Something wicked this way comes

The Douglas County Historical Society's History Theatre unearths a literary serial killer for one weekend only. Edgar Allan Poe is known for writing about death. Four of his most captivating tales will be told in "Nightfall With Edgar Allan Poe."...

Left to right, John Center as Edgar Allan Poe, Martin Taylor-Romme as Roderick Usher and Jessica Johnson as Madeline perform a scene from “Nightfall with Edgar Allan Poe” Wednesday at the Douglas County Historical Society. (Maria Lockwood)

The Douglas County Historical Society’s History Theatre unearths a literary serial killer for one weekend only. Edgar Allan Poe is known for writing about death. Four of his most captivating tales will be told in “Nightfall With Edgar Allan Poe.” The author’s modus operandi, however, is never the same.

“They all talk about death, but in different ways,” said director Kathy Laakso.

For the first time, the History Theatre will stage a production in the round. Audience members will find themselves part of the action as cast members look them in the eye and sound effects surround them.

“When I read this script I couldn’t picture it so removed,” Laakso said. “I wanted everybody to hear the rats behind them, too.”

The play centers on Poe, who stands in the flickering light, trying desperately to convince himself - and the audience - that he is not mad. It dramatizes some of his most famous works, “The Raven,” “The Pit and the Pendulum,” “The Fall of the House of Usher” and “The Tell-Tale Heart.”


Audience members will experience something new, said John Center, who plays Poe.

“They probably haven’t seen many plays, if any plays, were we intensely talk to them,” Center said. At one point, Poe looks directly into the crowd and asks if they think he’s insane.

“That’ll be a new experience for most audience members,” Center said. It’s all part of creating a creepy atmosphere to compliment the unsettling stories.

“(Poe) was very dark and he thought of the strangest death and what it would be like to act upon urges,” Laakso said.

The production, and its staging, is meant to leave an impact.

“You will come to the show and you will feel something,” said Taylor Martin-Romme, who plays Roderick Usher. “You will feel something and you will think about things when you leave, because it’s very psychological.”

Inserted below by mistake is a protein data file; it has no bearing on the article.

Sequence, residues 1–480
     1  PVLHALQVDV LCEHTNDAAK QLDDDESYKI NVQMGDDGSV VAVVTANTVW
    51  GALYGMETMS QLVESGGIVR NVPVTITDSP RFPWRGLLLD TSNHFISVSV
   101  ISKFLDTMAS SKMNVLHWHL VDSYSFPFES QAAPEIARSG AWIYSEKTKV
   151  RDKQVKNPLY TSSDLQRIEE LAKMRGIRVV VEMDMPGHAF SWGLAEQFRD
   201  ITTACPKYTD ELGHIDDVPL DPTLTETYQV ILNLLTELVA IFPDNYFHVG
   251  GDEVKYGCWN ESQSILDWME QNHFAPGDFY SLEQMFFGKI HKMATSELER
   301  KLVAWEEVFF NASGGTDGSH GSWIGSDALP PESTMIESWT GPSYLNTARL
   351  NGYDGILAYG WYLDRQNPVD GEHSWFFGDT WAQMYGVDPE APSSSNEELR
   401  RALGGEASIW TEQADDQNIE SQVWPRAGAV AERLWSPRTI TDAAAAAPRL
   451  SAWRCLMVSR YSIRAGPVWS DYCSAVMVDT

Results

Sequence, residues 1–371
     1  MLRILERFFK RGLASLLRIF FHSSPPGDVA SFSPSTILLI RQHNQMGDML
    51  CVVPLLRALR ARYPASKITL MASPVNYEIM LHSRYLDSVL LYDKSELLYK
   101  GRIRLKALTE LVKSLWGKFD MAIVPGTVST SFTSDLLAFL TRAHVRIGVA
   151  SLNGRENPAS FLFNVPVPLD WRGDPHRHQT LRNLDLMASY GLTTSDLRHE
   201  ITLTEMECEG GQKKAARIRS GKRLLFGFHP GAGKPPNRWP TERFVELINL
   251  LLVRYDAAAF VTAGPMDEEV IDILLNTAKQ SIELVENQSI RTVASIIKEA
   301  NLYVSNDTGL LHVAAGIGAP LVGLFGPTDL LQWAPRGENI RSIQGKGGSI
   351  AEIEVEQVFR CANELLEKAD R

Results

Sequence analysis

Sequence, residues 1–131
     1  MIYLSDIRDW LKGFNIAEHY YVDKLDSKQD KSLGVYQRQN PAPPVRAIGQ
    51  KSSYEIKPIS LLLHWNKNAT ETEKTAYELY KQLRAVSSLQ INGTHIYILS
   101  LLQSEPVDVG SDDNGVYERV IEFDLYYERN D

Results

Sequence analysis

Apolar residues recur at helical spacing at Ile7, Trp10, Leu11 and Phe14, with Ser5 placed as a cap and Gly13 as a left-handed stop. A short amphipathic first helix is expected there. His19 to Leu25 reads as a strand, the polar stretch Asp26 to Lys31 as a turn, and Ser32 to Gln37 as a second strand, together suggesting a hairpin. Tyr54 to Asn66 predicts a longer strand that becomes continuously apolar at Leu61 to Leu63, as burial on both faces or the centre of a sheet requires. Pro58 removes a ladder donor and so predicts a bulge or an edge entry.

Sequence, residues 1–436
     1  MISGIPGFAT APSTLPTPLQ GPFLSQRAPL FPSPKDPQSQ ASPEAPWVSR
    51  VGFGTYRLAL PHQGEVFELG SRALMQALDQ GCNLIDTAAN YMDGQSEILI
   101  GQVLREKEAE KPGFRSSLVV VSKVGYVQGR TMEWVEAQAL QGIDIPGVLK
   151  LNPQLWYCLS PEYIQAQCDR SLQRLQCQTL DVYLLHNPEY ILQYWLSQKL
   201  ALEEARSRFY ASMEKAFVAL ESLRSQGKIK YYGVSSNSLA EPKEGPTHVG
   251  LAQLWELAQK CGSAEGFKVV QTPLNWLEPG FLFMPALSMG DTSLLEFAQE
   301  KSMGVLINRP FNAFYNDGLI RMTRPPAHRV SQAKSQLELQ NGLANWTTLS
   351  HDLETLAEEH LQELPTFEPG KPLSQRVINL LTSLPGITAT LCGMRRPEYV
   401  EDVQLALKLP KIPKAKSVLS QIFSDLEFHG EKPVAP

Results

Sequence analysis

Jessica Johnson, who plays Madeline, encouraged teens who may be reading Poe’s works in class to come to the play. It’s entertaining, she said, and “presented to you in such a way that it actually creeps you out.”

But, said cast member Don Johnson, leave the toddlers at home.


Although Poe isn’t a local historical figure, the play is true to the History Theatre’s mission.

“A lot of people think history even is so boring, just like literature, but once you put them into 3-D, they’re real people, it just changes everything,” Laakso said. “And people have learned so much through these things.”

The show is crafted for Poe devotees and those who aren’t fans. Don Johnson, who plays Sante and Old Man, is one of the latter.

“I’m enjoying being part of it but I still don’t understand Edgar Allan Poe,” he said. “He was a sick human being.”

Laakso, a Poe fan, took pleasure in watching the thespians dig into the author’s work.

“They’ve been discovering the beauty of Poe’s language, especially with ‘The Raven,’” she said.

This is the History Theatre’s fifth season of producing plays, many of them original works based on local events. Actors said the troupe is a true community theater where everyone lends a hand.

Center is enjoying the chance to step into Poe’s shoes.


“It is the role of a lifetime for me,” said Center, who has been in a number of the theater’s productions. “He’s quite a character and the lines are just great.”

He’s also handy with a paintbrush..

 “It’s the height of volunteerism when the leading man paints the stage, and the definition of community theater,” Center said.

 “Nightfall With Edgar Allan Poe” is performed at 7:30 p.m. Oct. 23, 24 and 25. There will also be matinee performances at 2 p.m. Oct. 25 and 26. Tickets are $15 and available now.

For more information contact Laakso at 715-392-8449 or email .


Maria Lockwood covers news in Douglas County, Wisconsin, for the Superior Telegram.
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